Far-Right Coast Guard Officer Labeled ‘Domestic Terrorist’ Is Not Facing Terrorism Charges

The Coast Guard officer described by prosecutors as a “domestic terrorist” who plotted to kill prominent Democrats and journalists is not facing any terrorism charges, ThinkProgress reports.

Christopher Hasson was arrested last month on weapons and drug charges after investigators found he compiled a hit list of prominent Democrats and built an arsenal of weapons.

“The defendant intends to murder innocent civilians on a scale rarely seen in this country,” prosecutors said in a detention motion at the time. “The defendant is a domestic terrorist, bent on committing acts dangerous to human life that are intended to affect governmental conduct.”

The motion described Hasson’s obsession with Norwegian mass murderer Anders Breivik and his thousands of online searches for neo-Nazi material.

When Hasson was arraigned on Monday, however, he was charged with one count of unlawful possession of two improperly registered silencers, possession of 17 firearms by an unlawful user, and possession of a controlled substance.

Prosecutors say more charges may be brought later despite the ample evidence of terrorism described in the detention motion.

Unlike ISIS, domestic terrorists get 1st Amendment protection:

“Law enforcement officials frequently struggle to bring domestic terrorism charges, even in seemingly obvious cases like Hasson’s,” wrote ThinkProgress’ Luke Barnes. "When dealing with alleged extremists tied to ISIS, for example, federal prosecutors are allowed to present a wide-range of ‘evidence’ proving the individual’s support for the group — including retweets or re-posted gifs from social media accounts belonging to other sympathizers — in order to bring terrorism charges.”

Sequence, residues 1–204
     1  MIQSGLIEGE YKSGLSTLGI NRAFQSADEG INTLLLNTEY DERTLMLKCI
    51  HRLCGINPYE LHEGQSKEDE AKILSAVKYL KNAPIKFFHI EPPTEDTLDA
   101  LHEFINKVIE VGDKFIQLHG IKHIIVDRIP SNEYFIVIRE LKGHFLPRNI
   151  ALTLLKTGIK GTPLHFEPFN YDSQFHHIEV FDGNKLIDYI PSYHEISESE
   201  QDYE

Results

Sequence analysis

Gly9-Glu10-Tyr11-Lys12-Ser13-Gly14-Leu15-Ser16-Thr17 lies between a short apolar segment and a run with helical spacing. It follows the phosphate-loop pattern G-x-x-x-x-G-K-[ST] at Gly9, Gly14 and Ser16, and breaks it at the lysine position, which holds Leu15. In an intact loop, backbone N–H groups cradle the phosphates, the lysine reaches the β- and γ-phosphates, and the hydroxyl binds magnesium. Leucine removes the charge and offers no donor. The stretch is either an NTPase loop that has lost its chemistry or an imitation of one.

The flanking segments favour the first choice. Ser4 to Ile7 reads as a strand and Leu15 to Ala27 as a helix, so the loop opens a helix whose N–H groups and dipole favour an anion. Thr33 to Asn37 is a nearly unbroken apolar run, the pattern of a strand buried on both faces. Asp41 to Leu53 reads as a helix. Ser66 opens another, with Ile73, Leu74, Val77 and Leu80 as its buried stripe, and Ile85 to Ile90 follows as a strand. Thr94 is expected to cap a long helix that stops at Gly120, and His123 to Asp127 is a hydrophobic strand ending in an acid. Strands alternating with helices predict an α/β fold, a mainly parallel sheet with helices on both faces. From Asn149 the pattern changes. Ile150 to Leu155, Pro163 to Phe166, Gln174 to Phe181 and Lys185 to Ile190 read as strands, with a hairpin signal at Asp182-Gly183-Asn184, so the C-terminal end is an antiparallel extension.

“But domestic groups, including far-right extremists, enjoy First Amendment protections which means that professing support for them technically does not constitute ‘terrorism’ in the same sense,” Barnes added. “It also means online searches for neo-Nazis, or the manifestos of lone wolves like Breivik, do not constitute support for terrorism in the same way.”

Every 2018 extremist killing was tied to right-wing extremism:

Though groups like ISIS dominate the conversation when politicians and news media types discuss terrorism, a report by the Anti-Defamation League found that “every single extremist killing” in 2018 was found to have a “link to right-wing extremism.”

According to the report, 50 people were killed by right-wing extremists last year, including the Parkland school shooting carried out by a Trump supporter and the Pittsburgh Tree of Life synagogue shooting carried out by an avowed white nationalist.

“The deaths described here represent merely the tip of a pyramid of extremist violence and crime in the United States; for each person killed by an extremist, many more are wounded or injured in attempted murders and assaults,” the ADL said. “Extremists engage in a wide variety of other crimes related to their causes, from threats and harassment to white collar crime.”


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